28-Year-Old Who Left Insurance Job to Become an Actor Lives on $17,000 In NYC; He's 'Happier Now'

28-Year-Old Who Left Insurance Job to Become an Actor Lives on $17,000 In NYC; He's 'Happier Now'
Cover Image Source: Max Gallo | YouTube | CNBC Make It

Job satisfaction is key to happiness and Max Gallo realized that early on in his career. He decided to leave his full-time job at an insurance company in 2019 even when he didn't have another source of steady income ready. According to Gallo, his salary was "very nice" and yet he wasn't happy. Gallo longed for something that he would enjoy doing. He soon started taking an acting class in New York which was close to his home in New Jersey. It didn't take him long to realize that becoming an actor was his calling. 



 

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"I wanted to take my shot," Gallo says. "I wanted to try to follow my dreams because I knew that if I tried later in life, I don’t know if I would have as much momentum as I do now," he said via CNBC Make It. Today, almost half a decade later, he has seen a bit of success in terms of booking roles in TV shows, but not so much financially. 

He earned close to $16,499 in 2023, from a side job, acting gigs, and unemployment benefits as well as a grant from the Screen Actors Guild American Federation of Television and Radio Artists. He says that he did expect to make more. However, as a member of the SAG-AFTRA, he was on strike for the majority of the year. As of January 2024, he has around $10,000 left in savings. "I know that at any time I could go around the corner to Starbucks and get a job that’s going to [cover] my expenses because they’re relatively low."

You must be glad if you are not facing money dysmorphia. Image Source: Pexels|Photo by Alesia Kozik
Image Source: Pexels|Photo by Alesia Kozik

However, he refuses to go back to a 9-5 job as he has realized that he will only be able to do what truly excites him. "I want to get paid for things that I would already do for free,” he says. “I managed to find that doing what I love as an actor and also working with exotic cars."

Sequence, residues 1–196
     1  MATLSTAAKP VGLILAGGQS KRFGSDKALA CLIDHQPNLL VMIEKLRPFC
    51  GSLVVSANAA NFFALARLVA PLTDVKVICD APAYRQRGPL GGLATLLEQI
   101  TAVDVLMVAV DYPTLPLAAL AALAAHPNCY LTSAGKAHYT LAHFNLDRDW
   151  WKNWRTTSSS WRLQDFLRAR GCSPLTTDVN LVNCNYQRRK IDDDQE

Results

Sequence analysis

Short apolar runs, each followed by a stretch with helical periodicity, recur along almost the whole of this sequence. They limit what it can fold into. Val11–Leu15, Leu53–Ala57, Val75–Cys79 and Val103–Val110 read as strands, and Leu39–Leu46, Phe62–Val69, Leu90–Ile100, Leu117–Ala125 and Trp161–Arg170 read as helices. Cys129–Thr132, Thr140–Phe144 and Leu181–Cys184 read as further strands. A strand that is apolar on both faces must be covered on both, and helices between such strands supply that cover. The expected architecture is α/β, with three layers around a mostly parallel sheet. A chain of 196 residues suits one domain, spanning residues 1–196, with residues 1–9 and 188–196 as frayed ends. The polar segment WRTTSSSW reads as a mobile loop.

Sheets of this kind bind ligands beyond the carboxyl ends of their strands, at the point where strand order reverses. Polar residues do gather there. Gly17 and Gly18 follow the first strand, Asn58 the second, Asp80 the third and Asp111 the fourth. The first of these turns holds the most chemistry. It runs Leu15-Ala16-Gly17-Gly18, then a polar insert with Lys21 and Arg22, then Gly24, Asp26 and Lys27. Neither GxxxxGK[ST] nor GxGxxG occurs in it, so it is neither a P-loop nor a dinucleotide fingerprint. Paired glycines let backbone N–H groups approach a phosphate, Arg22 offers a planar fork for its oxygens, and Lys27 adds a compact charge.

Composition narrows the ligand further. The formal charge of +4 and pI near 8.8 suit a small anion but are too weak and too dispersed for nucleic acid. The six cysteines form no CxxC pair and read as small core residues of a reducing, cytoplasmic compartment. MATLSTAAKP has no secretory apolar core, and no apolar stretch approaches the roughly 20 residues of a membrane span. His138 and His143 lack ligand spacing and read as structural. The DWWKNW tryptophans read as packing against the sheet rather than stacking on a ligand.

Gallo says that he is ready to live below his means, as long as he can continue doing the things he loves. The reality is that it's very hard to live in the Big Apple with an annual income south of $20,000. Therefore, he finds creative ways to save. He says that he has been able to keep a gym membership, and saves on his Citi Bike rides by paying for a membership that eliminates certain fees. He also says that he only watches movies at the SAG screenings where he doesn't have to pay.

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The Statue of Liberty stands in the foreground as Lower Manhattan | Getty Images | Photo by Drew Angerer
The Statue of Liberty stands in the foreground as Lower Manhattan | Getty Images | Photo by Drew Angerer

Moreover, he says that he believes in thrifting and buys most of his household items from Facebook Marketplace. Gallo is currently living in an apartment in Brooklyn on a tight budget by sharing costs with a roommate. In January, Gallo spent $1,094 for his part of the rent and around $680 on groceries and dining out. He also spent $468 on his gym, LinkedIn, Hulu, and Adobe. Apart from this, Gallo also spent $216 on car maintenance, gas, and Citi Bikes. Gallo currently owns two cars, one  Honda Civic that he keeps with himself and the BMW Roadster, which he bought before leaving his job at the insurance company, which he keeps with his parents.

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While Gallo agrees that, it's not easy to live on a low budget, he says that he cannot imagine his life otherwise. "We don’t feel whole. We don’t feel good unless we’re expressing ourselves, and that’s hard to do, especially when you’re not being paid for it.”Despite earning less than what he was earning at the insurance company, Gallon says he is "happier now."

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